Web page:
Been: Polluters affect the poor most: But wastes sites are not built exclusivley in poor communities

by Ritika Nandkeolyar | 5/22/98 5:00am

New York University Law Professor Vicki Been discussed the claim that poor and minority communities are often hosts to hazardous waste sites in a classroom-style lecture yesterday afternoon in the Rockefeller Center.

Environmental justice advocates claim that polluters disproportionately affect poor and minority communities, Been explained to the audience which ranged from 20 to 40 people throughout the lecture.

According to the movement, environmental laws discriminate and are enforced less diligently, and the remedies chosen are less protective, she said.

"The movement, since its start in the late 1980s, has enjoyed considerable success," Been said.

In 1994 President Clinton signed an executive order dealing with the issue. Since then, federal agencies have been required to create environmental justice departments.

Advocates' claims are supported by a 1987 study by the Commission for Racial Justice, a branch of the civil rights organization United Church of Justice.

The study examined the location by zip code of commercial sites that treat, store or dispose of hazardous waste. Findings showed that a zip code with such a facility had twice as many minorities as those that did not.

The study also found that as the "noxiousity," or the concentration of the number of sites, increased, the percentage of minorities also increased.

Another study released a few months later by the Social and Demographic Research group of University of Massachusetts at Amherst found no such discrimination.

This study was sponsored by firms in the chemical industry and it examined census tracks, groupings based on similar census results, rather than zip codes.

Been then conducted her own study of the issue. Her study, unlike the others, attempted to establish cause and effect.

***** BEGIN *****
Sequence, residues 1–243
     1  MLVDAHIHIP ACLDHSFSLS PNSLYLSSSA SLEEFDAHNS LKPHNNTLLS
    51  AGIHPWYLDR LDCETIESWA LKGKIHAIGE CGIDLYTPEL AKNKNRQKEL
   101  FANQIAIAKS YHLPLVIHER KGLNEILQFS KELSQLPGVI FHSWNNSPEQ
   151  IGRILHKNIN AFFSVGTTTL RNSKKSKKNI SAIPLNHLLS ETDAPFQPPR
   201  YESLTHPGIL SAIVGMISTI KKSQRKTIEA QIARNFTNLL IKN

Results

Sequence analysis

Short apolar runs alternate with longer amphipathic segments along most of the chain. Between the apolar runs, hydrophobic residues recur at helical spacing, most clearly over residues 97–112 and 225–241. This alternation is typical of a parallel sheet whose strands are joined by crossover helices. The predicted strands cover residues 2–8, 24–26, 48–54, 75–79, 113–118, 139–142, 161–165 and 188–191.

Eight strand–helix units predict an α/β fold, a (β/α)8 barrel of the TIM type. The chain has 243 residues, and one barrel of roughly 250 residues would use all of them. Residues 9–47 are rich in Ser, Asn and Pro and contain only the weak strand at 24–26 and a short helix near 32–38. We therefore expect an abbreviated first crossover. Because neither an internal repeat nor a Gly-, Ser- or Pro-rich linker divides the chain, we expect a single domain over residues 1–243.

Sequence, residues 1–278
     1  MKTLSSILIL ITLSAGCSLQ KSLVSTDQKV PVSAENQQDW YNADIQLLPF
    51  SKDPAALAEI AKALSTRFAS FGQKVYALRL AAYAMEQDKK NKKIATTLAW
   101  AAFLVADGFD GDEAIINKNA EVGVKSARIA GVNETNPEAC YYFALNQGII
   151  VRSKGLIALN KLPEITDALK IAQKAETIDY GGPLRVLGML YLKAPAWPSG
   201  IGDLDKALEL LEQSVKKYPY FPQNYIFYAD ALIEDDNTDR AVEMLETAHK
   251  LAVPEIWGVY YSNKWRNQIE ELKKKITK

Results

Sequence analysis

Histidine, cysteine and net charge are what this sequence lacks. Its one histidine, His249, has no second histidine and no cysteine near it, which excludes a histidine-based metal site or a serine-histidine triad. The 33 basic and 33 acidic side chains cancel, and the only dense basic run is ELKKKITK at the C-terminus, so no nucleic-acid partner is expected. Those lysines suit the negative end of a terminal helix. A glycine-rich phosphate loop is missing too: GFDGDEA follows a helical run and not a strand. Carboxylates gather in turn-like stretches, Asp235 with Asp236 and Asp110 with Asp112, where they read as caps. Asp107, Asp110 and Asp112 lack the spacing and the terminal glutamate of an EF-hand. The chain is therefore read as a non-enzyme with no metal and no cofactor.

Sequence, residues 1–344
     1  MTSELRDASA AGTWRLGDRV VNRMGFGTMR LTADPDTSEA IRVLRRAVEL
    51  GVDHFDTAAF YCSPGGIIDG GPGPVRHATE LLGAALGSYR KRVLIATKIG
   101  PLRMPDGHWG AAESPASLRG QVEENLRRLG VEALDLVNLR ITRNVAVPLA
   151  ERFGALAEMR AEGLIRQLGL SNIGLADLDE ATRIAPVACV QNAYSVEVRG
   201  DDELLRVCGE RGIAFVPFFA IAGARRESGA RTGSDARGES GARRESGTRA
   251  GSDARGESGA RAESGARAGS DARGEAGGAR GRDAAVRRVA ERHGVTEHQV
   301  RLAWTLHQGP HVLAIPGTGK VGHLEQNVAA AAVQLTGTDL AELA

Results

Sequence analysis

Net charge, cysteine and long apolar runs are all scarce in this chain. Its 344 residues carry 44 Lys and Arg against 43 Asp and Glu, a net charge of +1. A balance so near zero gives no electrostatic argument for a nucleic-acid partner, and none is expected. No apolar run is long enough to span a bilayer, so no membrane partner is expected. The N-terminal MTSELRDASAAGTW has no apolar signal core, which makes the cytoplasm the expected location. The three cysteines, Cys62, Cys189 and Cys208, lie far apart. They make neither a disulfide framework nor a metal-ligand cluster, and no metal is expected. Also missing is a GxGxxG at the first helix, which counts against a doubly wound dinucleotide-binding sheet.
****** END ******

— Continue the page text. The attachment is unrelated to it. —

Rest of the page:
She asked if sites were put into the minority communities or if the sites caused the neighborhood demographics to change.

"If you don't know which came first, you really can't fix the problem," Been said.

Been hypothesized that market dynamics caused the flight of richer people from areas with hazardous waste sites, resulting in the influx of minorities and people with lower income.

Her findings showed that neighborhoods chosen to host hazardous waste facilities had nearly the same demographics as the state as a whole.

The only exceptions were tendencies for these neighborhoods to have slightly higher percentages of Hispanics, and lower-than-average income levels.

Been's findings disprove the environmental justice claim that very low-income communities are unwilling hosts to polluters. Lower income neighborhoods tended to have disproportionately high numbers of hazardous waste sites, but extremely poor locales were very unlikely to have any sites.

But neighborhood demographics do change after the introduction of hazardous waste sites, she found. Communities with an existing facility have a higher percentage of minority residents, Been found.

However, Been said she is not able to explain these results with market dynamics.

The lecture, part of a spring speaker series titled "Law and Liberal Arts," was sponsored by the Dartmouth Lawyers Association, the Legal Studies Faculty and the Rockefeller Center.